Tuesday, December 11, 2012

Globular Cluster Photo Series (Part 28): M55

Today I have another globular cluster picture for you, and this one just happens to be the next in the Messier catalog: Messier 55, in Sagittarius. This globular cluster is much closer than M54, at a moderately distant 17,600 light-years. It appears almost twice as large on the sky at 19.0 arc-minutes, but is a mere third its actual size at 96 light-years in diameter. It's also a lot less compact than M54 (class XI out of XII), and really looks quite nice.

Messier 55 in Sagittarius.
Not every object in Charles Messier's catalog was discovered by him (and he gave credit where it was due), and M54 is one such object. It was discovered by an astronomer named Nicholas Louis de Lacaille from an observatory in South Africa in 1752. Messier, having heard of this discovery, tried several times to locate the cluster starting in 1764, but was stymied by its low apparent height from his location in Paris (it is located 30 degrees south of the celestial equator, which makes it rather difficult to see from mid-northerly latitudes). In fact, it wasn't until 1778 – 14 years later – that Messier was actually able to find it, after which he included it in his famous catalog of objects.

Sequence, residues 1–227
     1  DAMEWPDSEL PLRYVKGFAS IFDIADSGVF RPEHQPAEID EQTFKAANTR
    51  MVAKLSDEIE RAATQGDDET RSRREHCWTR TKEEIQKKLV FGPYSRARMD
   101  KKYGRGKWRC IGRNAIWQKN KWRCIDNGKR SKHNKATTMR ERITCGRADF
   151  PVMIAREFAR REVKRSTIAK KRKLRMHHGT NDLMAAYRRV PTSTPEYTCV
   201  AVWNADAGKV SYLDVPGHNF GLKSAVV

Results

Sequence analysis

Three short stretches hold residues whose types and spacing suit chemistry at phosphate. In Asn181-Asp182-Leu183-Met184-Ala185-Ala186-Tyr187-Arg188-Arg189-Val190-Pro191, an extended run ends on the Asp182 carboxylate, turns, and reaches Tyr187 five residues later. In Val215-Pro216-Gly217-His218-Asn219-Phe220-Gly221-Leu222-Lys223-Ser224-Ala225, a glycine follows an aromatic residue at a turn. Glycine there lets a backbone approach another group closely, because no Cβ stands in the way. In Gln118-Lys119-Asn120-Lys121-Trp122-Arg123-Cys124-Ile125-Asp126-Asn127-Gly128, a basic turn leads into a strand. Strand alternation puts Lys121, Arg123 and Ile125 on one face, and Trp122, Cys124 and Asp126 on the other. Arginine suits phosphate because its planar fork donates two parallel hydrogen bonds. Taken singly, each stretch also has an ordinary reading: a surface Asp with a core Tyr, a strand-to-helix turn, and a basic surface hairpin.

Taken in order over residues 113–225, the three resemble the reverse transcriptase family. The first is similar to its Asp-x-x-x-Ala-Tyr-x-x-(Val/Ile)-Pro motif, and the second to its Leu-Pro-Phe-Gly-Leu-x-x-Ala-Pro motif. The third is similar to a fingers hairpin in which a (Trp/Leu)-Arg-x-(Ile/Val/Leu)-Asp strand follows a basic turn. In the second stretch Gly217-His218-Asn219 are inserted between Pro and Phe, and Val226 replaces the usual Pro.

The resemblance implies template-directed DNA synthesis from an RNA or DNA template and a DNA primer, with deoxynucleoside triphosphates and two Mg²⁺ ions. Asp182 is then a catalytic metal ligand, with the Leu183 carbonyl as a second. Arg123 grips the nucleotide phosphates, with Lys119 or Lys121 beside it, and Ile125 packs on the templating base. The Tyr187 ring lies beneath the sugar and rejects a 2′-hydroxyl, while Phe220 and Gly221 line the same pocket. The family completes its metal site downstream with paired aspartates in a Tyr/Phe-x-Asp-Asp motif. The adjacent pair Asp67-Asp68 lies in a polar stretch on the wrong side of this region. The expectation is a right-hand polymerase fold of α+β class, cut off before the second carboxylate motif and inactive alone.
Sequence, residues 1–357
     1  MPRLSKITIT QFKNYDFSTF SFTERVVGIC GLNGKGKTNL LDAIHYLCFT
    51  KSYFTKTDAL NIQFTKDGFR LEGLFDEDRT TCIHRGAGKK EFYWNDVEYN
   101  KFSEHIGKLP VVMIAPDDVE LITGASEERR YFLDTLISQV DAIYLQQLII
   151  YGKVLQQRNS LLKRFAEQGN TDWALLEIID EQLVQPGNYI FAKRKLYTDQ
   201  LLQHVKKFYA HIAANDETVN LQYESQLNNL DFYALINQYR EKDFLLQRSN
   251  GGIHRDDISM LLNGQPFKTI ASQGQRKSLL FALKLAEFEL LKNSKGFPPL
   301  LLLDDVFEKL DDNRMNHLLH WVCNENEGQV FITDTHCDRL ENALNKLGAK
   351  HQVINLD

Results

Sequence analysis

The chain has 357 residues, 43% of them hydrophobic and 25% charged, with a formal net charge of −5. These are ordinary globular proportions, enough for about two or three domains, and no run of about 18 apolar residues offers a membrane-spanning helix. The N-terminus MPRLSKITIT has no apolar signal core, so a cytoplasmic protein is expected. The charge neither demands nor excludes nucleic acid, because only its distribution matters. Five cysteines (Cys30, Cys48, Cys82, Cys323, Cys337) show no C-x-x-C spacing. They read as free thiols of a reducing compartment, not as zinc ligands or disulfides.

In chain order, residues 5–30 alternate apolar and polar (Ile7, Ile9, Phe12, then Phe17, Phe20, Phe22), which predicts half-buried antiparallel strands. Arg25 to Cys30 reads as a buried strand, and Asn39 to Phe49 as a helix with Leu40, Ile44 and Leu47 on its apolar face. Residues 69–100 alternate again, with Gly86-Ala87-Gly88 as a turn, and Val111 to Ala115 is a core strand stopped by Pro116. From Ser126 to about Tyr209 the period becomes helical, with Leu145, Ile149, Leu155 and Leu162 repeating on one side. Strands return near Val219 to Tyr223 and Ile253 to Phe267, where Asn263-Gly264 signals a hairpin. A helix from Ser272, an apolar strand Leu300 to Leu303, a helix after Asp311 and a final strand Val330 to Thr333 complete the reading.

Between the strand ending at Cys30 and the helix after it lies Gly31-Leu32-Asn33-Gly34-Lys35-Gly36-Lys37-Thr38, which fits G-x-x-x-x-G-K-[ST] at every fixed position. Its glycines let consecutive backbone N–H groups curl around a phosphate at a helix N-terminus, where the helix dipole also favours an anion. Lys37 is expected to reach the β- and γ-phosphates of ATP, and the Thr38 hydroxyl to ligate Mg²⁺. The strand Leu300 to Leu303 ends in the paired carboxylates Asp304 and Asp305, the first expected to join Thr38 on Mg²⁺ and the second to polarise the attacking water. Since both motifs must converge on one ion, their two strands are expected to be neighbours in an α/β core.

All in all, M55 is a rather nice looking cluster, if I say so myself.


  1. I think I've asked you this before but I forgot: How are globular clusters different from a nebula/galaxy?

    Yes, I can probably Google this up but I like the way you explain stuff. Hehe.

    1. Well, a nebula is basically a cloud of gas and dust in space, while a globular cluster is a large (fairly spherical) bunch of stars held together by their own gravity, with little to no gas or dust in it.

      Globular clusters are fairly similar to both elliptical galaxies and their little brothers, dwarf spheroidal galaxies. All of them are made up primarily of older stars with very little star formation happening (thus appearing more red/yellow than blue), they all have little to no gas or dust in them, and they all have fairly spherical (or cigar-shaped) forms.

      On the other hand, globular clusters (and elliptical galaxies) are very different from spiral galaxies such as the Milky Way. Spiral galaxies have mixed populations of young (blue) and old (red/yellow) stars, a fairly disk-shaped appearance, active star formation (ranging from very little to OH MY GOODNESS SO MANY STARS), and lots of gas and dust distributed as nebulae throughout the disk. Spirals do tend to contain a spherical bulge at their centers that is similar to an elliptical galaxy or globular cluster, composed of old stars with little gas mixed in.

      Both elliptical and spiral galaxies can have globular clusters orbiting around them. The largest known galaxies are ellipticals many times larger than the Milky Way, and they can have larger globular clusters orbiting them that blur the line between large cluster and small galaxy. On characteristic sometimes used to distinguish between them is that most galaxies appear to have a black hole at their center, while few (or no) globular clusters do. This classification scheme would probably make Omega Centauri a small galaxy rather than the largest Milky Way globular cluster, as there is evidence for a black hole near or at its center.


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